nuclear missiles from Turkey, which the Soviets considered to be a threat. All because ofthe invasion on Cuba at the Bay of Pigs.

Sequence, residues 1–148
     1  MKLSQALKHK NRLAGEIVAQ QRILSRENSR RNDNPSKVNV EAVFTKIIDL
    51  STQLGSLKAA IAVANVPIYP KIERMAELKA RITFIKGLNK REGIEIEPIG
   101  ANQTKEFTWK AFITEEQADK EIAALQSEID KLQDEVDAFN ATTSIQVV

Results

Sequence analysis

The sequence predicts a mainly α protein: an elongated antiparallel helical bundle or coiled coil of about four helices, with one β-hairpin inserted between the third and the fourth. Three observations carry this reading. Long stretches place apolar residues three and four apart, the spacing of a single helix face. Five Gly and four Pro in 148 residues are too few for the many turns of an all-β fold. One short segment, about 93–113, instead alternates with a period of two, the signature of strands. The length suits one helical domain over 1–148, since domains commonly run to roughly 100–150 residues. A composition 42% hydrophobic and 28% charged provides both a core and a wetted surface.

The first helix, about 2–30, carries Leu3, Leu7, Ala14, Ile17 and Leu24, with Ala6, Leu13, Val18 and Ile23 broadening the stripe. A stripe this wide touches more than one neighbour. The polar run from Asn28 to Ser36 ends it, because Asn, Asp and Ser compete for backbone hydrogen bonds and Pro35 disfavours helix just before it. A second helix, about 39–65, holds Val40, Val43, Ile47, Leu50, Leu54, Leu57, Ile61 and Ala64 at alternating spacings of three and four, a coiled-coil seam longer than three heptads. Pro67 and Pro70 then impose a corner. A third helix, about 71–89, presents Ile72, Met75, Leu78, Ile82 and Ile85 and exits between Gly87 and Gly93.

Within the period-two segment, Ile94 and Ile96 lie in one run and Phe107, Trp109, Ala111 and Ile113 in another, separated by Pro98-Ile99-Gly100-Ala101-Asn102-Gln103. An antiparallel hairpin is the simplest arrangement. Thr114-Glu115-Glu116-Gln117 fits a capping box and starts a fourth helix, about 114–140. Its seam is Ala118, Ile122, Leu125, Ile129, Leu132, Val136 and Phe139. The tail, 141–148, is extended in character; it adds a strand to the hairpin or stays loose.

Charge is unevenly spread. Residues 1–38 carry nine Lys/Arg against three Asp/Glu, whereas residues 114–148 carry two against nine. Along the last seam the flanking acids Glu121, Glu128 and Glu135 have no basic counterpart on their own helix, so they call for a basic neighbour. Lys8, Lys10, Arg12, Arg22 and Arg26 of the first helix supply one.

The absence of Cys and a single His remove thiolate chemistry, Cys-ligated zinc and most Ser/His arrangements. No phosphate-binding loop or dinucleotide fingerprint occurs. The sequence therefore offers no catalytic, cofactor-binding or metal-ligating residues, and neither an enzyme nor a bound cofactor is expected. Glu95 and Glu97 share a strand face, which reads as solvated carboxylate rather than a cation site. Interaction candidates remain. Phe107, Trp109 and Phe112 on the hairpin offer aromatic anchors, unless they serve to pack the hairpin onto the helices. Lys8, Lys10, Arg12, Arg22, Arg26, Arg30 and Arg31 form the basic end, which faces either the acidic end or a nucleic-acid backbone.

Fulgencio Batista y Zaldvar became the dictator of Cuba in 1952. The UnitedStates had been kind to Batista. Shortly after, Fidel Castro, became the leader of anunderground antigovernment group. After leading several failed uprisings, and beingarrested for leading those revolts, Castro finally lead a successful rebellion againstBatista. In 1959, Castro became the Premier. At first, Castro was very conservative, butafter he realized how much power he had gained, he started abusing it, being very hostileto both the Cuban people, and the United States. The United States, who had been verygood to Cuba, but the U.S. started to get angry when, in 1960, Castro seized American oilrefineries, sugar mills, and electric utilities. In the early 60s, he also started to welcomecommunism and formed close ties with the USSR. In 1959, when Castro became premier, the Central Intelligence Agency, (CIA)started planning an invasion near Guantnamo Bay, a US naval base in Cuba, in the Bayof Pigs, in southern Cuba. The CIA set up a small sub-organization with the sole purposeof planning the invasion. Despite the propaganda, intelligence planning, counterintelligence planning, and paramilitary planning, the mission still failed. In February 1962, the Inspector General wrote a document called “The InspectorGeneral’s Survey of the Cuban Operation.” This was deemed top secret until 1997. Insideit tells many reasons for the failure. Why didn’t the CIA think of these problems ahead ofBefore Castro’s reign over Cuba, a man named Fulgencio Batista y Zaldvar wasthe Premier from 1952 to 1959. Castro was against Batista’s ideas, so he joined anunderground anti-Batista group. Fidel Castro went up through the ranks of the group,until he was the leader. He led several rebellions, and was arrested for them. Seven yearslater, he led a rebellion that was successful, and overthrew the Batista administration.